They were never planned. Before computers, I created index cards for people in the course of my research for articles and biographies, and before long, I had hundreds. To turn these cards into short or long biographies requires years of work. Once I retired from the federal public service in 1997, I had the time to improve them and fill in gaps. The advent of computers and the internet made this task so much easier. Between 2000 and 2020, the ease of research increased enormously because of the digitization of whole books and newspapers, and of genealogical sources like Ancestry and Familysearch. As for the Thunder Bay Mayors and Councillors book, I grew up in Fort William knowing of figures like Hubert Badanai and John Booth, but I did not know the Port Arthur councillors, and I became determined to make them better known.

There is a very limited market for biographical dictionaries, particularly of only one city or region. So, financing becomes crucial. In 2000 the city of Thunder Bay was prepared to contribute towards publishing the mayors and councillors book, so that accelerated the process. You may have noticed how much more appealing in its design and illustration the Biographical Dictionary and History of Victorian Thunder Bay is than the 2000 Thunder Bay Mayors and Councillors book. That is due to technological progress and the design skills of Dr. Tory Tronrud.

Who were the most interesting people you researched in your most recent book?

Chief J.B. Penassie of the Fort William First Nation who handled negotiations when the Dept. of Indian Affairs appropriated the land where the Jesuit mission stood and gave it to the Grand Trunk Pacific Railway. Alan Wade subsequently told me about the Smithsonian Museum publication Ojibwa Texts (1917) where Penassie, whose Ojibwa name was “Kagige pinasi” (Forever-Bird), of the Bull-head totem, was one of five contributors of these Ojibwa texts. Other interesting people were the Powley sisters of Port Arthur, and the Afro-Canadian from Virginia “Doc” Charles Baker. I would like to learn more about them.

Thunder Bay has some unique geography: as well as being an isolated city, it’s also rather spread out with multiple commercial areas. Has this geography had an impact on the people who historically settled here, or vice versa?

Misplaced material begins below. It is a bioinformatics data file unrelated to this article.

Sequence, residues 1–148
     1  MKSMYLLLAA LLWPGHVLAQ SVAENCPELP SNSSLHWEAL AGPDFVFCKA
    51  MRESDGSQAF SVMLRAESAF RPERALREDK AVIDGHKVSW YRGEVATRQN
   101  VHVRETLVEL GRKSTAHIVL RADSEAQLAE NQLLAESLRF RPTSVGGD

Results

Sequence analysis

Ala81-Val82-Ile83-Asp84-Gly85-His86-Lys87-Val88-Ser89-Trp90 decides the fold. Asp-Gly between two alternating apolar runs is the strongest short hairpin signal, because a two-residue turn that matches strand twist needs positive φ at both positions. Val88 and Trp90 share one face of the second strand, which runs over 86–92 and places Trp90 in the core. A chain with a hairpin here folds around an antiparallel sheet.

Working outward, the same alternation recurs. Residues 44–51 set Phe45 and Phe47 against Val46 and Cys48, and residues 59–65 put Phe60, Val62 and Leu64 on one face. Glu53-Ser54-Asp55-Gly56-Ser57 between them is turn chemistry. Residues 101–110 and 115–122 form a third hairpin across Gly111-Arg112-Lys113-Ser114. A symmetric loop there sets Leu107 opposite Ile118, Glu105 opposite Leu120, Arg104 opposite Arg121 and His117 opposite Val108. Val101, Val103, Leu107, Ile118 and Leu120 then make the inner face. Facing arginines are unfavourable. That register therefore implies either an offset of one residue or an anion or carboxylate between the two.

Probably the geography has changed the settlers more than the settlers have changed the geography. The decisions of governments and corporations like the Hudson’s Bay Company and the Canadian Pacific Railway shaped where European and Anishnaabe settlement occurred – Westfort, in particular, has its origins in the failure of the Province of Canada to arrive at an agreement with the Hudson’s Bay Company in the 1850s. Simon Dawson and Lindsay Russell preferred to start the federal government’s road west from what became Prince Arthur’s Landing.

There was always an indigenous and mixed-race presence around the North-West Company fort from its establishment, but that population was also nomadic, hunting and fishing where the resources were to be found, be it inland or along the north shore of Lake Superior. The Fort William First Nation has been located where it is since the Robinson Superior Treaty of 1850 and the establishment of a mission by the Jesuits there the year before. Until recently, the importance to the history of Thunder Bay of indigenous and mixed-race people has been neglected.

But there was a swampy low-lying area between Port Arthur and Fort William that discouraged the towns’ growing together. Prior to amalgamation in 1970, when the cities were growing rapidly, Inter-city, as it was called, took off. Until then the two cities were compact and had not yet sprawled. Once the sprawl began, the two downtowns were doomed. Intercity killed the commercial downtowns, and much residential development took place in the former townships of Neebing and McIntyre, rather than within the historic limits of the two cities. When I left Fort William in 1973, both downtowns were intact with a variety of businesses and services.

But, it seems that many people of today are not seeking urban compactness, but the space of semi-rural living, so geography has triumphed. This, however, makes the provision of city services very expensive.

Finally, was there a book or author that inspired you to write?

Dr. Elizabeth Arthur, and later Elinor Barr whose books on Silver Islet and the Port Arthur, Duluth and Western Railway are beautifully written and researched.

cover of Biographical Dictionary and History of Victorian Thunder Bay (1850-1901)